For sustained success, educators must commit to their own lifelong improvement.
Commitment to high-quality professional learning is a common aspect of educational systems of the the world's highest-achieving nations. Despite evidence that effective professional learning can be a powerful lever for school improvement, much of the professional development (PD) that is conducted in the United States has had limited impact on teacher practice…
In these pages, John Murray identifies research-based characteristics of effective teacher professional learning, detailing eight strategies for planning and executing professional development programs and evaluating their results. Content includes: The proven “backward” approach to articulating the goals of your PD program; Descriptions of innovative and effective designs for professional learning such as Lesson Study and Instructional Rounds; Powerful approaches to designing and implementing online PD
Packed with templates that make getting started easy, this all-in-one resource will facilitate deep professional learning that truly enhances student achievement.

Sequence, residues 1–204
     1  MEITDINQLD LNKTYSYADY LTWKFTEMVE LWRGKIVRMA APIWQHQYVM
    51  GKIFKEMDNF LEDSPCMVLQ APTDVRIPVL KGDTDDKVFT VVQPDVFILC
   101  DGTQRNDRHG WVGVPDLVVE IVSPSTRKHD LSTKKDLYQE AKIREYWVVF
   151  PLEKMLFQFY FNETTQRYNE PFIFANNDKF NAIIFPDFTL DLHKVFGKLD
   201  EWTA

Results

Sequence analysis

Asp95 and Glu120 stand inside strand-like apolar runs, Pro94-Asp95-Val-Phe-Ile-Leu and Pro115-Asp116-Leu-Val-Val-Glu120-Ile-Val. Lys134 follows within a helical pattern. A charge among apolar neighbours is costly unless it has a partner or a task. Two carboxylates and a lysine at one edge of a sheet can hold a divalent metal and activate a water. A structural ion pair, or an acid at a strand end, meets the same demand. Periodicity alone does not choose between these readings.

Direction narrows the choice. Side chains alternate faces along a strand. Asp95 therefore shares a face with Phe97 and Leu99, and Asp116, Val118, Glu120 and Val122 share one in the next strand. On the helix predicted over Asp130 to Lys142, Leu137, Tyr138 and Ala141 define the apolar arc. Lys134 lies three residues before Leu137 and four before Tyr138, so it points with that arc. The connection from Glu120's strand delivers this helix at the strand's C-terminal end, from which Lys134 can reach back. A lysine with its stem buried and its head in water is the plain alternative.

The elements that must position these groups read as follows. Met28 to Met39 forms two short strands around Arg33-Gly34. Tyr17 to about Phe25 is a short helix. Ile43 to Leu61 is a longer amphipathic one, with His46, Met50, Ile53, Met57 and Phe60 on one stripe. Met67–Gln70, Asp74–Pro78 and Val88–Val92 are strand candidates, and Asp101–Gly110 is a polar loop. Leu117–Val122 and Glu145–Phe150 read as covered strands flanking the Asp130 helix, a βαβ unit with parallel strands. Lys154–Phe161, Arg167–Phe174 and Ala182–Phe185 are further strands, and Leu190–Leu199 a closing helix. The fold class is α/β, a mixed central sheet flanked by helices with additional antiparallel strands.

“This book is one that any teacher or administrator who is involved with leading professional learning and continuous improvement—new to the field or with great experience—would find great value in.”
— Jeff Ronneberg, Superintendent
Spring Lake Park Schools, MN
“This is a critical resource that should be on every education leader's bookshelf. You will be challenged to find another book with so much helpful information on so many important professional development strategies that you can get started on immediately to facilitate real change in your school.”
— John D. Ross, Educational Consultant
Chapter 11: Peer Coaching
Peer coaching is a process through which two or more colleagues work together to reflect on current practices; expand, refine, and build new skills; share ideas; teach one another; conduct classroom research; and solve problems of practice.
Kristen was beginning to implement cooperative learning methods in her fourth-grade classroom. One of her challenges with the method was finding a way to engage quiet students so that they would not feel overwhelmed by more vocal, dominant personalities. Her goal was for each student to contribute to the group, and she knew that she had to teach her students the group skills and social skills needed for cooperative learning. She also knew that it takes time for students to develop these skills. Unfortunately, what ...